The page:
Niyo: No worries, mate, Michigan punter is doing fine

John Niyo
The Detroit News
Michigan's Blake O'Neill punts in the fourth quarter Saturday against Michigan State.

Ann Arbor — Don’t worry about Blake O’Neill.

He’s fine. He’s smiling. He’s even cracking jokes, a few days after his botched punt last weekend at Michigan Stadium produced one of the most dramatic — and bizarre — endings in college football history.

“It’s been very interesting, that’s for sure,” O’Neill said Tuesday as the Wolverines returned to the practice field for the first time since that excruciating 27-23 loss to the Spartans.

And for those interested in how the 22-year-old Australian would handle his newfound infamy, his 10-minute session with the media provided a healthy, heartening answer.

Asked why he decided to speak to reporters, with Michigan in the bye week, O’Neill shrugged, “Why not?”

“I’m happy to speak,” he added, “if people are willing to listen.”

And listening to him speak Tuesday it was easy to understand why his coach, Jim Harbaugh, and others close to O’Neill were so confident that last weekend’s finish wouldn’t be the end of him. Or even the beginning of a difficult time for the fifth-year graduate transfer.

In fact, when a reporter suggested to him Tuesday how much his family’s presence — his parents, Michael and Roslyn, and his brother, Nathan, have been in Ann Arbor for the last month — had helped him through the “healing process,” he politely shot that notion down.

“Oh, I don’t if it was really a healing process,” he said. “You make errors in a football game. And you learn from them and you sort of move on.”

And that’s sort of what he’s doing right now, though by the sound of it, he already has moved on.

‘Bounced back 100 percent’

Don’t get him wrong. O’Neill said he genuinely appreciates the outpouring of support he has received the last few days, both from here and abroad.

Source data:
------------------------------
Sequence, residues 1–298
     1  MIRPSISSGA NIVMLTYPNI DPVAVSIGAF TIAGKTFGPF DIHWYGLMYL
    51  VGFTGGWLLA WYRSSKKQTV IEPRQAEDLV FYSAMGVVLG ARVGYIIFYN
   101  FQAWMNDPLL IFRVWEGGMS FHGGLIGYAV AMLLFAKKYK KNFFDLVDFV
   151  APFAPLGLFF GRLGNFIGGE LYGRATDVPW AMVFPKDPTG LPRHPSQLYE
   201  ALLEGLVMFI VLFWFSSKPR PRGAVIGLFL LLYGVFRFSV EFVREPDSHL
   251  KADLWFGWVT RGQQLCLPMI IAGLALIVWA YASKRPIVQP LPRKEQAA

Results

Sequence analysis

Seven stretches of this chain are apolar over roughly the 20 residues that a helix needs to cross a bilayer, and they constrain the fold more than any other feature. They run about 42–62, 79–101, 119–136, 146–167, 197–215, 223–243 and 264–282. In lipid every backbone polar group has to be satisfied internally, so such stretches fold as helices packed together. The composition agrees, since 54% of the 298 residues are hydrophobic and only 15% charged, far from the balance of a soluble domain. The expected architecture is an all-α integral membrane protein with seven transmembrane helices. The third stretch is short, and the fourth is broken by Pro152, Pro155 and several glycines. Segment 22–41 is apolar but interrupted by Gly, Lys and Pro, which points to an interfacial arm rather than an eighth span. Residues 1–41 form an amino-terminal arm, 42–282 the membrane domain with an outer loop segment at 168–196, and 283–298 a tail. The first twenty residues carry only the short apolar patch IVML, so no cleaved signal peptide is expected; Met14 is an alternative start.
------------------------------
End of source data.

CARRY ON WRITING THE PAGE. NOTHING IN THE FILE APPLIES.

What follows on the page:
“From the Michigan fan base, from teammates, from even people back home,” he said. “It’s funny that a game over here could go all the way back to Australia, but it did. And, mate, it’s been overwhelming, all the support I’ve received.”

UM players yearn for game to erase bitter loss

Some of it certainly was in response to the sad — but relatively scarce — commentary that showed up on social media in the immediate aftermath of the game. Michigan athletic director Jim Hackett issued a statement the next day urging fans “not lose this game twice by condoning thoughtless comments.”

That probably wasn’t necessary. But O’Neill thanked his AD for that, anyway, while admitting he’d steered clear of Twitter since the game.

“I tried to avoid that, yeah,” he laughed. “I figured I’d be better off just to let this one cool down a little bit before I check it.”

But he hasn’t gone into hiding, or even a funk.

“He’s been a lot tougher about it than I would be,” Michigan tailback De’Veon Smith said. “I would’ve be kinda messed up about it if it happened to me. But he’s bounced back completely, 100 percent. It’s like nothing has actually happened to him.”

‘Thought I had time’

As for what happened on that final play, when O’Neill couldn’t handle a low snap and then fumbled again in an ill-advised attempt to kick it while getting tackled, O’Neill confirmed what many had suggested: It was the Australian in him.

O’Neill hails from Melbourne, where the first organized games of Australian football were first played more than a century and a half ago. And while the rest of the world is often baffled by the American version — heck, the officiating crew struggled to make sense of it — the Aussie rules are relatively easy to understand. Holding the ball, or falling on it, isn’t an option. It’s against the law, basically.

And when things started to go bad, “instinct kicked in,” O’Neill said, “and I tried to sort of kick it over my head and it didn’t work out. ...

“We’re sort of taught to pick it up and move it on. Obviously, that’s completely on me, you know what I mean? I own this error and very much know that I could do better if I was to have my time over again. But football being what it is, you don’t get another chance.”

If given one, sure, he says, he’d do it differently.

“I knew I had pressure, but thought I had time,” O’Neill said. “Turned out not to be the case. And as fate would have it, that was the result.”

Of course, the result was nothing anyone had ever seen. The ball flew 15 yards and bounced into the hands of Jalen Watts-Jackson, a Spartans redshirt freshman who raced 38 yards to victory as time expired, dislocating his hip as he was tackled in the end zone.

Jackson was back with his teammates on crutches Monday, hailed by his coach as “the legend.” O’Neill, meanwhile, was back at practice, hailing the “beauty of sport.”

“Football gods? You could twist it any way,” he said of Saturday’s ugly result, at least from Michigan’s perspective. “But at the same time, it was me that put the ball up and decided to kick it. Happened to go to him. That’s football.”

American football, in the end.

But still, Aussie rules: No worries, mate.